If you owe money to your bank in the form of credit cards, loans, a line of credit, or an overdraft account, it’s advised you open a new bank account before you file for a Consumer Proposal or Bankruptcy. If you’ve already declared Bankruptcy or filed for Consumer Proposal, it is still possible to open a new bank account and you will be advised to do so by your LIT.
Should You Open a New Bank Account?
If you have unsecured debts (e.g. a credit card, loan) at the same bank where you have your chequing or savings account, you should consider opening a new account elsewhere. If you owe money where you currently bank, your account can be frozen and money can be taken out to cover your debts.
What Happens if You Don’t Open a New Account?
If your bank is informed that you are filing for Bankruptcy or a Consumer Proposal, they can freeze your account and take money out to cover your debts. Additionally, if you don’t close your old account, your creditors may continue to take payments out even after you’ve initiated your Consumer Proposal or Bankruptcy.
When you file for a Consumer Proposal or Bankruptcy, no creditor is allowed to continue taking out payments for unsecured debts. However, it can often take time after you file to notify all of your creditors to stop payments. As a result, payments might continue to come out of your account.
When Should You Open a New Bank Account?
You should open a new bank account before you apply for Bankruptcy or a Consumer Proposal. It’s ideal if you can open an account and transfer any remaining money out of your old bank account before your creditors are informed of your intention to file.
If you’ve already declared Bankruptcy or filed for Consumer Proposal, it is still possible to open a new bank account. A new bank can not refuse you from opening an account on the basis of filing for Consumer Proposal or Bankruptcy. This is against the law according to the Bank Act of Canada. While you can open a new account, you won’t be able to get an account with overdraft as this is a form of credit. To make things as simple as possible, it is best to open a new bank account before filing.
How to Open a New Bank Account
You might be worried about opening a new account. If you’ve been banking with the same financial institution for years, you’re probably not excited about going through the hassle of changing all of your accounts. The entire process is time-consuming and you will likely lose some of the features you have on your current account including overdraft. Just know, it will be worth it in the long run. Opening a new bank account if you’re considering filing for Consumer Proposal or Bankruptcy will give you more control over your money.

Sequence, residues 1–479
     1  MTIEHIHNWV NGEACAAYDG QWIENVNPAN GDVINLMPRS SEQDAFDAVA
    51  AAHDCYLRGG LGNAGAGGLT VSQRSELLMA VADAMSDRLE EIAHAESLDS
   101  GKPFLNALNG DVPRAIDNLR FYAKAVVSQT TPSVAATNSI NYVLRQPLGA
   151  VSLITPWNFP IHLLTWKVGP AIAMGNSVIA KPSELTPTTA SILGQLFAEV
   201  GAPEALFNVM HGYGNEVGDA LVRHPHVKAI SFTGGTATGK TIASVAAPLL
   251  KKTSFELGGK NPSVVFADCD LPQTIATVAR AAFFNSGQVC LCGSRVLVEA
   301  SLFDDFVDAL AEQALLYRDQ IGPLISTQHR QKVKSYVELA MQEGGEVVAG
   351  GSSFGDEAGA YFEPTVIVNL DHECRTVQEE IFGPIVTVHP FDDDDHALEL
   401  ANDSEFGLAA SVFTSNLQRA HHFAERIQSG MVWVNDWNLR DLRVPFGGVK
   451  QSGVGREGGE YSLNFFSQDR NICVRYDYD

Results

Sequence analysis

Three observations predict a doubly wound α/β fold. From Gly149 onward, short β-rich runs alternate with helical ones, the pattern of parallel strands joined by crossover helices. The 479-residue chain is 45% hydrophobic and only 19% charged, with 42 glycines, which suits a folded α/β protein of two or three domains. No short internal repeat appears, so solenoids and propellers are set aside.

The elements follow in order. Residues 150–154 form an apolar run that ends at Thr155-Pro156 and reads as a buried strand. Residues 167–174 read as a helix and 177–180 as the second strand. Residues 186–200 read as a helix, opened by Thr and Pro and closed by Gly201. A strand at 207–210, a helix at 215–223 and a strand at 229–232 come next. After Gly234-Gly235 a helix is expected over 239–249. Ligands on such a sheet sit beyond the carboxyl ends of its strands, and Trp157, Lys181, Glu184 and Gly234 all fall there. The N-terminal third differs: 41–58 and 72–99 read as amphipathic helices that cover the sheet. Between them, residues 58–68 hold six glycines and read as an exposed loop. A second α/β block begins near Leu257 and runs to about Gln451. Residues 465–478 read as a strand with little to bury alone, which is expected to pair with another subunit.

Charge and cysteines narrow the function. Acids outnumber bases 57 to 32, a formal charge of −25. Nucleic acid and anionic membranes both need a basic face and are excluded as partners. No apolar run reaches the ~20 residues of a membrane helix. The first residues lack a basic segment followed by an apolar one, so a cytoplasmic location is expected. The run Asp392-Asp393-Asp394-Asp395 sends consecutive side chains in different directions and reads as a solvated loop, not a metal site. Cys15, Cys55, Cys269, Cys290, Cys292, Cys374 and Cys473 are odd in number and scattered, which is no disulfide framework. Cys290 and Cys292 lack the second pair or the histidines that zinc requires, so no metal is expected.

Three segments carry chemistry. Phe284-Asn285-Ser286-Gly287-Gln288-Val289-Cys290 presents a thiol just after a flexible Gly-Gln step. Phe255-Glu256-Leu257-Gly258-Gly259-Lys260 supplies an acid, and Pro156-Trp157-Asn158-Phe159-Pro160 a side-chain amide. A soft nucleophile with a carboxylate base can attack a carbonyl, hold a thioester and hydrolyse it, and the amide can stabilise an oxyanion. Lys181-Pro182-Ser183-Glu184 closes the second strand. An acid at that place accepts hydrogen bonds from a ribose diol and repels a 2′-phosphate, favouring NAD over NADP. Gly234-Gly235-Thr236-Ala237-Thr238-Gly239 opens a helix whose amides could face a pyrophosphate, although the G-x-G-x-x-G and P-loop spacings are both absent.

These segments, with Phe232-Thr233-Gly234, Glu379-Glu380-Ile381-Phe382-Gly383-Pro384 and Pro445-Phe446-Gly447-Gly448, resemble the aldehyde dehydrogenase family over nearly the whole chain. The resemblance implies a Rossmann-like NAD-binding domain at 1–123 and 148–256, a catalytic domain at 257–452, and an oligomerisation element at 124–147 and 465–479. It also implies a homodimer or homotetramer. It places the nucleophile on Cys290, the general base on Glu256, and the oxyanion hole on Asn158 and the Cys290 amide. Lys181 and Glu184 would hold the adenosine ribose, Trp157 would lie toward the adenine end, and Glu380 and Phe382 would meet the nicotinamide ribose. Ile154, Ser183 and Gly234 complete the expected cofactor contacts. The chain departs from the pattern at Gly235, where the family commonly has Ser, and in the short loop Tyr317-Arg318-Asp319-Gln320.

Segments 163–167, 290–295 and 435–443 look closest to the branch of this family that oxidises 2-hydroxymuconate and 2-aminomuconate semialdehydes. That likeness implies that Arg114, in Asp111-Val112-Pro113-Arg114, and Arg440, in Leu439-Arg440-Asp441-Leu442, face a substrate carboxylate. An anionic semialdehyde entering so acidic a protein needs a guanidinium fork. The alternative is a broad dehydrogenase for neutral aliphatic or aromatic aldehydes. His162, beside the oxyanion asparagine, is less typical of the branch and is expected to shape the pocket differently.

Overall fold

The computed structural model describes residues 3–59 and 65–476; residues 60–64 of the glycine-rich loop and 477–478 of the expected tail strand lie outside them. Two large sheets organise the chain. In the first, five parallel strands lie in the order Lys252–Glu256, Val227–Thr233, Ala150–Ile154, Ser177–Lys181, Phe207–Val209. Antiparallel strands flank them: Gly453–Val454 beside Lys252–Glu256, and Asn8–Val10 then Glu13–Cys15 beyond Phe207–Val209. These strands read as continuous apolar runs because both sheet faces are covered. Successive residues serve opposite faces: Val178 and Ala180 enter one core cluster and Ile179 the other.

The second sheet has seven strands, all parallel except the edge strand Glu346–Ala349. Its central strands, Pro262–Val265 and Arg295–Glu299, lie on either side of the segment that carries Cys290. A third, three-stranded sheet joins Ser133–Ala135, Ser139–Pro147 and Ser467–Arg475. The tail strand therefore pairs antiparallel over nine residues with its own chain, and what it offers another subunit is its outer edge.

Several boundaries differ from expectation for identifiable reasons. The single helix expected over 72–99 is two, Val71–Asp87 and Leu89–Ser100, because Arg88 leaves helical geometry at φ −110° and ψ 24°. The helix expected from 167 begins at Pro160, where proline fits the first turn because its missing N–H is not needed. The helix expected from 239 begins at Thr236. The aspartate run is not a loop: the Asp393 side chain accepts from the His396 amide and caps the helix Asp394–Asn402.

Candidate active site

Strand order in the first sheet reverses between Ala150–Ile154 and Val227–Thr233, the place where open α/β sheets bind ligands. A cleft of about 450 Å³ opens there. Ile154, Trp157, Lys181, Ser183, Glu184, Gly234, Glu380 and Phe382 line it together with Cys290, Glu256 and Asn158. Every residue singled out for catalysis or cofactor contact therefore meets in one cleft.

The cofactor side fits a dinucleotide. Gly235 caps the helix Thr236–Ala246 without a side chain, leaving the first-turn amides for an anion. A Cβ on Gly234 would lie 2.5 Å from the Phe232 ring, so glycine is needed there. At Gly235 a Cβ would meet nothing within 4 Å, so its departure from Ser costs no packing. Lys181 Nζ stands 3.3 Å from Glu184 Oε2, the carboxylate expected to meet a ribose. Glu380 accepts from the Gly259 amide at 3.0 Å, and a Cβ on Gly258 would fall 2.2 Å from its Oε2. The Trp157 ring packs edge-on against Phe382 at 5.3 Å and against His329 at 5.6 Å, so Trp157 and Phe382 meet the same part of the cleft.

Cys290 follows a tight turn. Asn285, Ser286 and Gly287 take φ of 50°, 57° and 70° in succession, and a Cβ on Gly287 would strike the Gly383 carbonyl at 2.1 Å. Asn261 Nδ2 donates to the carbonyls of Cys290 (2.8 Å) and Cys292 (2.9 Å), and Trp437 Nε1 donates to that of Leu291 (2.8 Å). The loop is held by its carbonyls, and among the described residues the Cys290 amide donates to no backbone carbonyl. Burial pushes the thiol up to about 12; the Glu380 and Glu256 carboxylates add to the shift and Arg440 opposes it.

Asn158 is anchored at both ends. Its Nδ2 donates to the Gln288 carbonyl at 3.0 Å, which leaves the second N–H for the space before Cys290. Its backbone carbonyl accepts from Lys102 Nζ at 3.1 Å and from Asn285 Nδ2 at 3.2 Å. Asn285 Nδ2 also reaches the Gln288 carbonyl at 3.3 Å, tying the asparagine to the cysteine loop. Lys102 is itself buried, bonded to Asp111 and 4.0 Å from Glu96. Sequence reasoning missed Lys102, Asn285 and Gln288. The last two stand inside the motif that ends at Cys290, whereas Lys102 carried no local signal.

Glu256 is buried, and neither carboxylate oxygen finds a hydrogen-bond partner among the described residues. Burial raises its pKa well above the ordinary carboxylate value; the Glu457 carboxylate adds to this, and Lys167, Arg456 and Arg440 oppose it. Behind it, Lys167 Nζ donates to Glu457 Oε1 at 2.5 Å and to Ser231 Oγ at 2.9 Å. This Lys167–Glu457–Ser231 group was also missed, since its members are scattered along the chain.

If you don’t know how to start your search for a new account, you can begin by researching the five largest banks in Canada. These include:
- Royal Bank of Canada (RBC)
- Toronto-Dominion (TD)
- Bank of Nova Scotia (Scotiabank)
- Bank of Montreal
- Canadian Imperial Bank of Commerce (CIBC)
When choosing a new bank or financial institution, ensure you don’t owe that institution any money. Many banks are affiliated and may have the same ownership. For instance, online bank Tangerine is a subsidiary of Scotia Bank, and online bank Simplii Financial is owned by CIBC. If you choose a bank that is under the same legal ownership, this won’t solve your problem.
To save money, you also want to look for a bank that comes with no monthly fees. Often virtual banks have lower fees because they don’t have a physical location. It’s easy to open a bank account online or you can enquire about fees in person or over the phone at a more traditional bank.
When it comes to actually opening a bank account, here are the steps you can take:
- Open a basic account. This should be at a new bank or financial institution in Canada where you have never banked and have no credit.
- Withdraw your money. If you have any money in your current account, deposit it into your new account.
- Change your banking information. Make sure you change your information at work, with the government, and anywhere else where you have set up direct deposit. This is to ensure your wages do not go to your old account where they may be frozen or removed.
- Change all of your bill payments. You want to be sure all of your bill payments are linked to your new bank account. This is to avoid having a car, rent, or any other payment coming out of your old account, from bouncing because there is no money available. Be sure to cancel any payments coming out of your old account.
- Close your old bank account. Note that if your account is in overdraft, you will not be able to close your account.
Have Questions? Speak to an LIT Today
Opening a bank account at a new bank where you don’t hold any credit can help you to better manage your money when you file for a Consumer Proposal or Bankruptcy. Yes, it will take time and you may lose some of the features you had on your old chequing account. But, it will be worth it in the long run.
If you are considering a Consumer Proposal or Bankruptcy to deal with your debt, your first step should be to contact a Licensed Insolvency Trustee. We can help you determine if a Consumer Proposal or Bankruptcy is the right debt management solution for you. You might have other options. If you are concerned about opening a new bank account or you have questions, we can advise you on what to do.
Please don’t hesitate to reach out for assistance. You are not alone, we can help. Contact Allan Marshall and Associates at 1-888-371-8900 or send us an email to book a free, confidential consultation with one of our licensed administrators in person or by phone.
- Government of Canada. Bank Act. Access April 23, 2022.